New Brunswickers want Corporate Sector to Pay its Fair Share
Fredericton– On Monday, January 11, 2016, the government will commence its final public consultation as part of its strategic program review. David Coon, MLA for Fredericton South and Leader of the Green Party of New Brunswick wants government to ensure everyone pays their fair share as recommended by New Brunswickers in the first round of consultations.
In March 2015, the government released its What Was Said document, summarizing the top suggestions made by the public for cutting the deficit. The government chose to ignore those suggestions designed to ensure corporations do their part to help cut the deficit.
“Corporate New Brunswick holds billions of dollars in this province while our government runs a structural deficit,” said Coon. “Increasing royalties, and cutting corporate hand-outs and subsidies were dropped from the Choices Report, while it contemplates cuts to education and health care.”
Asking big business to pay their fair share could yield hundreds of millions annually in savings and revenue.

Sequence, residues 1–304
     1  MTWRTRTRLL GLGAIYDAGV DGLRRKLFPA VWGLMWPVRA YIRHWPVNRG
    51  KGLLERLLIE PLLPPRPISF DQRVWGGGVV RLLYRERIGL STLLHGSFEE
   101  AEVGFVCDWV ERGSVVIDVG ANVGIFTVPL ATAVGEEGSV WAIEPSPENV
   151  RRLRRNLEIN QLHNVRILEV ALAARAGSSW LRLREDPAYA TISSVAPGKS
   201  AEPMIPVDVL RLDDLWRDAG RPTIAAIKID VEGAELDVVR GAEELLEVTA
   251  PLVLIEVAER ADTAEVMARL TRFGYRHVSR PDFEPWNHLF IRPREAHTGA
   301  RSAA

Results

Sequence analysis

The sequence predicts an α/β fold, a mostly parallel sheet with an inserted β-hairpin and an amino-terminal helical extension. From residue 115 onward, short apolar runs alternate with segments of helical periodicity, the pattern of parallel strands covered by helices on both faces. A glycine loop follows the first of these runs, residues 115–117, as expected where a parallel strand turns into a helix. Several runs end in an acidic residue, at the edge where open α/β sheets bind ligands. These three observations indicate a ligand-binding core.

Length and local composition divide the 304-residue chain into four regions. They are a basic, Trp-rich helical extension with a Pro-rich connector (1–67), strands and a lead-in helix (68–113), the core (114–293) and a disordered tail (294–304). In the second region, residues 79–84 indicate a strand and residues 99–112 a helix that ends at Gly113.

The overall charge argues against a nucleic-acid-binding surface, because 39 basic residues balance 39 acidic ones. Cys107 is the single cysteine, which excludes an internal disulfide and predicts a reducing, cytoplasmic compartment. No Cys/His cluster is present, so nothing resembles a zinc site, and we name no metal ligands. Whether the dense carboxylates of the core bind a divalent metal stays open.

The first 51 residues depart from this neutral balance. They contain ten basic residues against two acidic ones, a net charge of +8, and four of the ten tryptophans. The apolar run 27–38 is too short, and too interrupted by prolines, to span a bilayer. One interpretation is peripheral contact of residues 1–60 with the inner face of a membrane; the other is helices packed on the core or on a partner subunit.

- Increasing royalty rates on natural resources in New Brunswick
- Our potash royalty regime substantially undervalues this resource compared to other producers. The royalty rate in New Brunswick is only 6.25% compared to nearly 11% in Saskatchewan.
- Eliminating or reducing direct corporate subsidies:
- Opportunities New Brunswick gave out over $93,000,000 to industry this year
- Regional Development Corporation gave out over $61,500,000 to industry this year
- Provincial Holdings Ltd gave out over 14,000,000 to industry in 2011/2012
- Eliminating or reducing indirect corporate subsidies
- Silviculture: According to the 2015 Silviculture report of the Auditor General, the province of New Brunswick is subsidizing a number of forestry companies. Between 2009 and 2013, the province lost $53,000,000 to companies contracted to manage public forests.
“This Government is asking the people of New Brunswick to help balance our budget. At the same time we desperately need new investment in mental health care, early childhood education, affordable housing and social assistance,” said Coon. “The corporate sector must pay its fair share.”
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Media Contact: Shannon Carmont